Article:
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Central metabolism is comprised of a network of pathways that interconnect.  Eukaryotic cells have evolved multiple routes to feed substrates into the major energy pathways that produce ATP and other compounds essential for cell survival.  For example, the TCA cycle is a major oxidative pathway for generating ATP, but can be accessed via various routes that include glycolysis, fatty acid oxidation, and amino acid catabolism.  When cells are low on glucose, they may switch to fatty acid oxidation or amino acid catabolism to keep the TCA cycle replenished.  In a typical metabolomics experiment, it is unclear from what pathway these downstream intermediates derived from, and even when major shifts in metabolism have occurred, their levels may not be differentiated.  By using 13C tracers (such as 13C glucose or 13C palmitate), one can measure the rate of 13C incorporation into various downstream metabolites to decipher differences in metabolic states of cells.  This can be done in both cell culture as well as animal models.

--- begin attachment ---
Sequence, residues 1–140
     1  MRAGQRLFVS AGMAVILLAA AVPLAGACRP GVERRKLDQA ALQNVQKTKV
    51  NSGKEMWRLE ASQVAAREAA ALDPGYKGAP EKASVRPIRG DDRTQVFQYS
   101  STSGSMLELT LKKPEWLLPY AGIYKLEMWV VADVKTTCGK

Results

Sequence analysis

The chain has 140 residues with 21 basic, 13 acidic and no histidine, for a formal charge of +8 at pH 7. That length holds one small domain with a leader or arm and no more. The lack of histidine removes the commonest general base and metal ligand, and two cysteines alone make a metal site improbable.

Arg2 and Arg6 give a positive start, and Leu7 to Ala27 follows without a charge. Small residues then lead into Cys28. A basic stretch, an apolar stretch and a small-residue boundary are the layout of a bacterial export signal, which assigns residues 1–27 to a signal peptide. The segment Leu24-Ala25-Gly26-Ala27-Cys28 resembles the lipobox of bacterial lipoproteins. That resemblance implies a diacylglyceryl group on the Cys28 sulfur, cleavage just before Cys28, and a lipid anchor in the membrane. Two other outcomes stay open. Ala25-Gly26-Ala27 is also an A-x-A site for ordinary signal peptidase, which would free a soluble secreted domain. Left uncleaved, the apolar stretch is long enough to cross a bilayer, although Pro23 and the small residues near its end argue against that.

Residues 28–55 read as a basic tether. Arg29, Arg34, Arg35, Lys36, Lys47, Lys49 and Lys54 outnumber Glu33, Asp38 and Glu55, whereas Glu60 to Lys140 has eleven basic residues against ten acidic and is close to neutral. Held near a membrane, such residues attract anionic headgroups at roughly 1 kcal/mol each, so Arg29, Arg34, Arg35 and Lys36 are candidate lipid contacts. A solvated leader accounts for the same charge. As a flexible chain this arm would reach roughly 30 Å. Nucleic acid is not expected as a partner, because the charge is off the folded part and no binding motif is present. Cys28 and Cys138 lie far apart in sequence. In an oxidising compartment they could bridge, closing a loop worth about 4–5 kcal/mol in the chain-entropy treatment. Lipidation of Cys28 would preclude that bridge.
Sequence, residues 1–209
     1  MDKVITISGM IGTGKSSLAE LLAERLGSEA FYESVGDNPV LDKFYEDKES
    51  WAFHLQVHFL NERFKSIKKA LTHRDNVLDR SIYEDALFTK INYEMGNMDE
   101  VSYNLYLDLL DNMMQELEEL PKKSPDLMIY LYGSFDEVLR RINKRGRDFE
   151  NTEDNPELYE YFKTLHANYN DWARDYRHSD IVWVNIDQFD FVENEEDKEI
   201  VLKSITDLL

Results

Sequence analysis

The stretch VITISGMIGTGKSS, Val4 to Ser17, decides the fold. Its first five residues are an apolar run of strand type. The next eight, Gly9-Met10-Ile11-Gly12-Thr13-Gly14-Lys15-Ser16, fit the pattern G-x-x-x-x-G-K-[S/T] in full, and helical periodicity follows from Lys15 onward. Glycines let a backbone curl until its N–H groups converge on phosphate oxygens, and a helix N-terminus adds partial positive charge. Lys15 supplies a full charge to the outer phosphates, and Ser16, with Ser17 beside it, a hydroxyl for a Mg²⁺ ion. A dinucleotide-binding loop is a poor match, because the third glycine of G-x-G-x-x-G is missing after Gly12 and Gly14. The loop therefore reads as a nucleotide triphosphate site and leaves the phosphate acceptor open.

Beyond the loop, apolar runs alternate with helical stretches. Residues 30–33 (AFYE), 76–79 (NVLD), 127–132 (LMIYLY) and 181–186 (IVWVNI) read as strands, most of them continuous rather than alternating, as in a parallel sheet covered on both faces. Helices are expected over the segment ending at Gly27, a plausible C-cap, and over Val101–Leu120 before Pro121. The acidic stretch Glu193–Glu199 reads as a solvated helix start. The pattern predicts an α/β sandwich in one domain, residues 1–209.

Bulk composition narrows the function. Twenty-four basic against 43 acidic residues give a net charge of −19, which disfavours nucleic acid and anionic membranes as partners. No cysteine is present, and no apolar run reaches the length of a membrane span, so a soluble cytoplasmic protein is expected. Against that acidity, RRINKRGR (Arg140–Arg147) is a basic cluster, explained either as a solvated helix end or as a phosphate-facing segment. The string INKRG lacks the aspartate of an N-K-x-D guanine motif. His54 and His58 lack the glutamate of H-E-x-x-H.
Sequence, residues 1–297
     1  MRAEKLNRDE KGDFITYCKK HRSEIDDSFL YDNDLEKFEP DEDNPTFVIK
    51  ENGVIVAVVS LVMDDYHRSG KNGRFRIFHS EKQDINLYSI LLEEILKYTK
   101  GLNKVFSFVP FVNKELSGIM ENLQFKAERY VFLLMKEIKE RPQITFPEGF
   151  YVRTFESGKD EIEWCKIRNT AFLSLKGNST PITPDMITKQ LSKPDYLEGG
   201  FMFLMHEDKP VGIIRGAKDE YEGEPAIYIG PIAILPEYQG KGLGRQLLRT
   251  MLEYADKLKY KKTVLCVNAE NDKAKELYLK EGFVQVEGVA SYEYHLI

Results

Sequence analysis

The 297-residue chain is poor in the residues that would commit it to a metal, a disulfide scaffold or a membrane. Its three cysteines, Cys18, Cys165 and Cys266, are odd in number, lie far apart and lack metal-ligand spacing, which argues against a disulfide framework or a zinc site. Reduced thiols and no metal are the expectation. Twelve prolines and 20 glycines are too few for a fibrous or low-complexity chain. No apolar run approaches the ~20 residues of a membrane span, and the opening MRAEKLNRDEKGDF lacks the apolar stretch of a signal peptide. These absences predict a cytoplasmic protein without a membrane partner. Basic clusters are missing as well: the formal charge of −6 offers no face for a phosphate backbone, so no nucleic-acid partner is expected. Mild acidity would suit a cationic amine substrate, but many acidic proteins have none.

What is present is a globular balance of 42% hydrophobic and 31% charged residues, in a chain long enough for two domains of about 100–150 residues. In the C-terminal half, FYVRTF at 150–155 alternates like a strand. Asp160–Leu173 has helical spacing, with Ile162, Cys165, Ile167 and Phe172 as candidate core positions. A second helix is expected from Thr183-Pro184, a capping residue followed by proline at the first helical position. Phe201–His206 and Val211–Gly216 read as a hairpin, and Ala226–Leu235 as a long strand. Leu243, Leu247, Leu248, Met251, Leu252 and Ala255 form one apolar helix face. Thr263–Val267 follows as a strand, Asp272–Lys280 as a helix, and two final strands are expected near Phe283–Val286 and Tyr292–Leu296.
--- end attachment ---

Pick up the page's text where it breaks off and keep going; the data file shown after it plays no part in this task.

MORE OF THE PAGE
We have developed LC-MS/MS methods to determine 13C enrichment in glycolysis, pentose phosphate pathway, TCA cycle, amino acids, and acylcarnitines.  We measure multiple isotopologue forms of critical compounds such as TCA intermediates, since the labeling composition will vary through multiple rounds of the cycle.  We report the enrichment ratios (13C/total C) as well as absolute concentrations of each metabolite.

A generalized schematic of glycolytic, lipid, and amino acid convergence at the TCA cycle, with isotopologue labeling from 13C glucose introduction.

Examples of extraction ion traces (12C and 13C) for three of the compounds measured in the flux analysis

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